"Afghan Journal" Marks Anniversary - Book Author Recalls Challenges of His Afghanistan Deployment

With continued terrorist attacks on US Afghan outposts, and the start of 9 years in the war on terror, the book "Afghan Journal: A Soldier's Year in Afghanistan" is as relevant today as it was when author Jeff Courter began his digital diary in 2006.
By: Kathleen (KK) Kruse
Oct. 8, 2009 - PRLog -- Chicago, Illinois – This week, “Afghan Journal: A Soldier’s Year in Afghanistan,” marks an important milestone. Three years ago, the book’s author, Sergeant First Class Jeff Courter, left his comfortable suburban Chicago life to begin a mission as a mentor to Afghan National Police at a remote and dangerous eastern outpost near the Pakistan border.

That’s also when he began to write regularly about his experience – from preparations at home with his family, and training with the Illinois Army National Guard – to details about the mental, physical, emotional, cultural and spiritual challenges that soldiers face when deployed in such a distant and desolate corner of the world.

During his deployment, much of Sergeant Courter’s “Afghan Journal” was originally featured as a series of blog posts at Godweb.org. Then, when he returned home, family and friends encouraged him to convert the commentary into a book, so others could learn from his experiences with Army colleagues and Afghan counterparts.

In light of continued terrorist attacks on U.S. outposts in Afghanistan, and this week’s eighth anniversary of U.S. involvement in Afghanistan, Sergeant Courter’s “Afghan Journal” remains as relevant today as it was when he began his digital diary in October 2006.

“Many things have changed since my Afghanistan tour began – including my personal perspective on the world. You can’t serve in an environment defined by terrorism and not be profoundly affected by it,” Sergeant Courter observed. “Meanwhile, Afghanistan itself has changed little. It’s still a desperately poor, tribal society where progress doesn’t come swiftly or easily. We still face the same cultural and communication barriers I left behind when I returned home last year.”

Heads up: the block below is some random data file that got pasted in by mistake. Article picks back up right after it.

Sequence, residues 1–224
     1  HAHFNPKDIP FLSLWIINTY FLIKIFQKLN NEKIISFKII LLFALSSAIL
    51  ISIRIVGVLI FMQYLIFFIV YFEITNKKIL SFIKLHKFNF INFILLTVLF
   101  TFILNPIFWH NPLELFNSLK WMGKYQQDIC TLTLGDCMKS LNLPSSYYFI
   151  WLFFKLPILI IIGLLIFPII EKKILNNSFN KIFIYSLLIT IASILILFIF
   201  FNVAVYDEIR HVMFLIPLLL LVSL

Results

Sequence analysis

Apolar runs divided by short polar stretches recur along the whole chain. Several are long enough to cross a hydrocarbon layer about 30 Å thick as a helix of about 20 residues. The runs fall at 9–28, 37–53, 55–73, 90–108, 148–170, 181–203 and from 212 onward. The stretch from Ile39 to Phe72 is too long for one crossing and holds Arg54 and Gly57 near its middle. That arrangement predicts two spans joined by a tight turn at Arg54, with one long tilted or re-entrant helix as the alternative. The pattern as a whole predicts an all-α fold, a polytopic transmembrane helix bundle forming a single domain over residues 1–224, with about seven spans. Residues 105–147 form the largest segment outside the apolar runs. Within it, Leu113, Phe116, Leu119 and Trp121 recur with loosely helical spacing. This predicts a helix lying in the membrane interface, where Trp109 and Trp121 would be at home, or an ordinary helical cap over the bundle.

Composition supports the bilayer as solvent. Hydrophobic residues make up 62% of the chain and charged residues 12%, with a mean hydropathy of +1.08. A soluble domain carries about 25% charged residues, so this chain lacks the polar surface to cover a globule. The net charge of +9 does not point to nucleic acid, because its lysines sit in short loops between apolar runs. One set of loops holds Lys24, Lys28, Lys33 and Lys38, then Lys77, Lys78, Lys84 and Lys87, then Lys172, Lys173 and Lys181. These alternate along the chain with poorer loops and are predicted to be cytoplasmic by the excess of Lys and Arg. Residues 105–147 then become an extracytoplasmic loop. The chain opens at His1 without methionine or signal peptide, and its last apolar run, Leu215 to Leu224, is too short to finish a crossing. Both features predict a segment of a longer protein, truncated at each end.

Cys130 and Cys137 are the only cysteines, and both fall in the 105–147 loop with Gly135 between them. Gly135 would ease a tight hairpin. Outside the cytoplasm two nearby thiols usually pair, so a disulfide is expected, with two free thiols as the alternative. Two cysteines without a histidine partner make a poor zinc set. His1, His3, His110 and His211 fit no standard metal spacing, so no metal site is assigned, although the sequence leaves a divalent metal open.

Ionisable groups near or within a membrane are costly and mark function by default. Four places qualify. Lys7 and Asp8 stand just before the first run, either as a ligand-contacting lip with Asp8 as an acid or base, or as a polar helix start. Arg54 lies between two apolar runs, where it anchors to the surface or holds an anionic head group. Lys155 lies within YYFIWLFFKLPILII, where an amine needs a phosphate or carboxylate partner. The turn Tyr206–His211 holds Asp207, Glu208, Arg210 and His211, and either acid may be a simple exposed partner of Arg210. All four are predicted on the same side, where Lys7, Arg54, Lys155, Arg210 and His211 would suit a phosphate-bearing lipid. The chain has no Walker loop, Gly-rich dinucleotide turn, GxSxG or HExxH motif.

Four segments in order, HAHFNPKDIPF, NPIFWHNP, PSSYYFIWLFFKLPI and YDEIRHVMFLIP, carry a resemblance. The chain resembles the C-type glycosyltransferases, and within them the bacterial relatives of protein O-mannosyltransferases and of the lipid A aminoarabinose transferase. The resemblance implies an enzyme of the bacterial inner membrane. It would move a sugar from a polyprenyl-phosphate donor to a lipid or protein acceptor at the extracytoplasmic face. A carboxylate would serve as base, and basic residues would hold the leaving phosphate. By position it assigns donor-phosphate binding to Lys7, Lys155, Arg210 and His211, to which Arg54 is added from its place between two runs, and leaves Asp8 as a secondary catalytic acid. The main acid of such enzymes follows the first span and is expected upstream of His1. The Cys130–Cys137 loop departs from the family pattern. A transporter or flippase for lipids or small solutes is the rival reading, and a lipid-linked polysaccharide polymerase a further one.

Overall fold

Since its debut in 2008, “Afghan Journal” has garnered growing attention and accolades from the public and the publishing community. For example, one Amazon.com Top 1000 reviewer describes the story as “A first-rate account…I fully expect to see it cited in historical bibliographies in 50 years time.”

Sergeant Courter continues to write blog commentary, but has expanded his focus to encompass a broad spectrum of spiritual, social and humanitarian issues. His blog is  “Life Love & Truth" - located at http://www.lifeloveandtruth.com.

About the Book
“Afghan Journal: A Soldier’s Year in Afghanistan” is a day-by-day account of one man’s mission to make a difference in a dangerous, post-9/11 world. Unlike typical "war stories," the book focuses on the spiritual, emotional, cultural, physical and mental challenges soldiers face when deployed in distant and desolate corners of the world.

The book is published through CreateSpace.com, and is available now through Amazon.com (at http://www.amazon.com/Afghan-Journal-Soldiers-Year-Afghan...) and through other online channels at a suggested retail price of $15.95. For every book sold, $1 is donated to wounded Afghanistan war veterans and their families. Additional facts: ISBN: #1438259662 - 392 pages - U.S. trade paperback binding with black-and-white photos. For more information about the book or its author, Jeff Courter, visit the "Afghan Journal" website at http://www.afghanistan-journal.com.

NOTE TO EDITORS: Review copies of “Afghan Journal” are available on request.

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ABOUT AFGHAN JOURNAL - "Afghan Journal: A Soldier's Year in Afghanistan" is a book by Sergeant First Class Jeff Courter, a soldier who maintained a digital diary while he was deployed in Afghanistan, training border police to fight terrorism on their own turf. Unlike typical bloody "war stories," Sergeant Courter's book focuses on the spiritual, cultural, physical, mental and emotional challenges soldiers face when deployed in such a distant and desolate corner of the world. Since his return in 2008, Sergeant Courter has continued to write. He currently authors a blog "Life, Love & Truth" - focused on a broad spectrum of humanitarian, social and spiritual issues.
Source:Kathleen (KK) Kruse
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Tags:Book, Soldier, Afghanistan, Military, Terrorism, Spirituality, Christian, Faith, Taliban, Culture
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